Hollywood on the Potomac
Good thing we arrived early at the private reception before the premiere screening of THE END: INSIDE THE LAST DAYS OF THE OBAMA WHITE HOUSE hosted by CNN honcho Jeff Zucker & CNN Films because shortly after arriving at 701 Restaurant on Pennsylvania Avenue in Washington, DC, iPhones were bursting with news that President Obama freed up Chelsea Manning by way of a Presidential pardon. CNN Politics Nightcap by Daniella Diaz and Eric Bradner described it this way:”President Barack Obama this afternoon commuted the sentence of Chelsea Manning, who was convicted of stealing and disseminating 750,000 pages of documents and videos to WikiLeaks. Manning, a transgender woman and former US Army soldier, was serving a 35-year sentence at Fort Leavenworth, an all-male Army prison in eastern Kansas, despite her request to transfer to a civilian prison. Her prison sentence is now set to expire on May 17.” So now, that’s the end of that!
On the other ‘end‘ Inside the Last Days of the Obama White House, will premiere in simulcast on CNN/U.S. and CNN International Wednesday, Jan. 18, at 9:00pm. According to CNN, filming began shortly after Election Day 2016, and concluded with President Obama’s farewell address. Leading voices in the film include Josh Earnest, White House press secretary; Valerie Jarrett, senior advisor; Cody Keenan, director of speech writing for the White House; Jen Psaki, White House communications director; Angella Reid, chief usher of the White House; and Tina Tchen, assistant to the President and chief of staff for First Lady Michelle Obama. Each granted exclusive access to key meetings, their work, and their personal thoughts on their final days inside the White House. The rare interviews capture the nostalgia of the people who have worked closest to the Obamas during their White House tenure.
Mel Gibson didn’t get a Golden Globe Award for best director for his latest war film Hacksaw Ridge which was also up for the best picture-drama award. The awards went to La La Land. The picture could still be up for an Academy Award though. The movie was rather spectacular. Here is the story we wrote about it when Mel Gibson was in Washington, DC. This was previously posted in October of 2016:
One of the greatest heroes in American History never fired a bullet! That hero was WWII American Army Medic Desmond T. Doss who served during the Battle of Okinawa. He refused to bear arms and kill people over his religious upholding of the Sixth Commandment, “Thou shalt not kill.” He became the first Conscientious Objector in American history to be awarded the Medal of Honor for highhandedly rescuing roughly 75 of his wounded comrades while under heavy mortar and gunfire.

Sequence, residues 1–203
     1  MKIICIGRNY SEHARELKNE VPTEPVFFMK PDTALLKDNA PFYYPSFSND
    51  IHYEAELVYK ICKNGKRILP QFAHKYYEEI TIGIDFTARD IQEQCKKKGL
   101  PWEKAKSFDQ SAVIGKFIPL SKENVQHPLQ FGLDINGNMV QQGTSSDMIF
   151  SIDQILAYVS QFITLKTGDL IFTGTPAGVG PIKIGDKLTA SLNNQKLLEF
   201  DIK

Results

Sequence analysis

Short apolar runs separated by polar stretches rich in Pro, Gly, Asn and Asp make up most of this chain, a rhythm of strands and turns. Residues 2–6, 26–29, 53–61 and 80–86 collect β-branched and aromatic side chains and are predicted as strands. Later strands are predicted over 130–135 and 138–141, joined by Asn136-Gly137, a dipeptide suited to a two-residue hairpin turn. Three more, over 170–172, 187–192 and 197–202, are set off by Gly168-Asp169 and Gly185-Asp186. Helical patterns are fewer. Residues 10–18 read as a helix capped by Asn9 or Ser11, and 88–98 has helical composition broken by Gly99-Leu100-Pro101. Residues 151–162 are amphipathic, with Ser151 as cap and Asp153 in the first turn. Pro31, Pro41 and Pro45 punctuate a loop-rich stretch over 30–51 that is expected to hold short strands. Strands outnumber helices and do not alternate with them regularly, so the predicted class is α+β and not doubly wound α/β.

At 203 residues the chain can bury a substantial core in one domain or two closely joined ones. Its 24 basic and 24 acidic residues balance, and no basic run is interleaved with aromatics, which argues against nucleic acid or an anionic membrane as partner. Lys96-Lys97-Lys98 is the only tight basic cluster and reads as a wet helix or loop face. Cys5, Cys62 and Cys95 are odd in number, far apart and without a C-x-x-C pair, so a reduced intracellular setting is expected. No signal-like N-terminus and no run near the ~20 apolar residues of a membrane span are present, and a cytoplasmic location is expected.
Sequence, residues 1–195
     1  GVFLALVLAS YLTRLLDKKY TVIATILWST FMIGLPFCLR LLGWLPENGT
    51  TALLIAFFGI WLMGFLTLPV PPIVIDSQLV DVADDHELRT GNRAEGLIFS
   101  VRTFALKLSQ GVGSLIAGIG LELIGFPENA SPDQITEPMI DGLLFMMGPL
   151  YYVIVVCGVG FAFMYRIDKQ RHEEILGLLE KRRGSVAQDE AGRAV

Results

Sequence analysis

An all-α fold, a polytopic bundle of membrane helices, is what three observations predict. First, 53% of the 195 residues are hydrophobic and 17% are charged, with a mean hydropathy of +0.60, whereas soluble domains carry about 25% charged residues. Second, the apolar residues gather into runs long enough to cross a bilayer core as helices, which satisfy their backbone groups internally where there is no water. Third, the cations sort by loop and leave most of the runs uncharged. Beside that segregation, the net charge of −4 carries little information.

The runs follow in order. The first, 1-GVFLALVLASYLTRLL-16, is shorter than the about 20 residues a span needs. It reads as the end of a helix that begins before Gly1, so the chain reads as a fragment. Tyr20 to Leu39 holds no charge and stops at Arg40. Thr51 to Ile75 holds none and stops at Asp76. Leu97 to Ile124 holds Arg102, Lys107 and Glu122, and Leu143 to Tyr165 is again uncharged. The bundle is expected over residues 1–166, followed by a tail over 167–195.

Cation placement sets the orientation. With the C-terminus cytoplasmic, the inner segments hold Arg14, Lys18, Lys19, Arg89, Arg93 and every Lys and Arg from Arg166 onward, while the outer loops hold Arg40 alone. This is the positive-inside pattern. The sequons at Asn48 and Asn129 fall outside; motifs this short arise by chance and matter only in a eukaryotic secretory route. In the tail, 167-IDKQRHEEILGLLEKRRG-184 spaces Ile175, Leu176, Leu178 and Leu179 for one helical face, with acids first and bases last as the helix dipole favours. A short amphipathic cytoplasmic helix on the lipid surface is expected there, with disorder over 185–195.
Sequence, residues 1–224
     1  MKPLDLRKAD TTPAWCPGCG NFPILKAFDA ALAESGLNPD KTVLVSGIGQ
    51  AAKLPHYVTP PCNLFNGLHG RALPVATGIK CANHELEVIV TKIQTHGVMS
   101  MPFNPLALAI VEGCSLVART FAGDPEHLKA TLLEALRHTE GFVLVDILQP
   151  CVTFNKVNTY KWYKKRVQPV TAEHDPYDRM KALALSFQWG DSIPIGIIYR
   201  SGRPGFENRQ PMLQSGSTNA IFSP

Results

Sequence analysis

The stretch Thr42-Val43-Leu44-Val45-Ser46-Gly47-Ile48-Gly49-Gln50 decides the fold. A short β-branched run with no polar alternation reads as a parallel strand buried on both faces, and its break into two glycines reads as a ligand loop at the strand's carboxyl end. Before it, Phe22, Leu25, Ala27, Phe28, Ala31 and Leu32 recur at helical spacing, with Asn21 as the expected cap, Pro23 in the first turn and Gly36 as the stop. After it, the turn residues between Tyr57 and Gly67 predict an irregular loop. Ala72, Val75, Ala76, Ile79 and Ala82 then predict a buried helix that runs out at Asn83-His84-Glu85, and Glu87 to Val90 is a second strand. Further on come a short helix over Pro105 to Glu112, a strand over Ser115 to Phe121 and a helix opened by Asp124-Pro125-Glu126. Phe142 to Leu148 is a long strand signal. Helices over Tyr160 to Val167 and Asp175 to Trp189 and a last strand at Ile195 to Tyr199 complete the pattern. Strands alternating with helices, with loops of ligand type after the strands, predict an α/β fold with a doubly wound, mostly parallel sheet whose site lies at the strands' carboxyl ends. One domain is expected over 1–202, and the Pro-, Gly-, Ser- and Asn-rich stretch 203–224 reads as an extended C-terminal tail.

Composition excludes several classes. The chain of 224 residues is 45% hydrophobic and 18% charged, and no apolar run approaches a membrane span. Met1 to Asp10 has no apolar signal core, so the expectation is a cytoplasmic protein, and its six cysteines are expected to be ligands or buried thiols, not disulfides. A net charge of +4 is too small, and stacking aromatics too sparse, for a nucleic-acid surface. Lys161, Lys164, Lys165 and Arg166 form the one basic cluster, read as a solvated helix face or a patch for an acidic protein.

President Truman awarded Doss the Medal of Honor on October 12, 1945. “When my time came, I went up,” said Doss of the ceremony. “President Truman, he came out and he stepped over the line, he caught me by my hands, shook my hand like I was an old-time friend, somebody he had known all his life. He didn’t even give me a chance to get nervous.” excerpt from Medal of Honor: Oral Histories. Doss died on March 23, 2006.
BY THE PRESIDENT OF THE UNITED STATES OF AMERICA: A PROCLAMATION
NOW, THEREFORE, I, BARACK OBAMA, President of the United States of America, by virtue of the authority vested in me by the Constitution and the laws of the United States, do hereby proclaim January 2017 as National Slavery and Human Trafficking Prevention Month, culminating in the annual celebration of National Freedom Day on February 1. I call upon businesses, national and community organizations, families, and all Americans to recognize the vital role we must play in ending all forms of slavery and to observe this month with appropriate programs and activities.
This article was originally posted in November 2016 and re-posted today in honor of National Slavery and Human Trafficking Prevention Month, 2017.
“Making the film SOLD forever changed the trajectory of my life and career,” Impact Producer Jane Charles told Hollywood on the Potomac. “When I read the book SOLD by the globally acclaimed novelist Patricia McCormick almost 10 years ago and started researching human trafficking, I didn’t realize that this is the second highest grossing illegal crime (2nd only to drug trafficking) and that it is happening right here in the United States. I’m a filmmaker, a mother, a wife, a daughter, a good friend. Making this film was both the most difficult and the most worthwhile thing I have ever done in my life, so far.”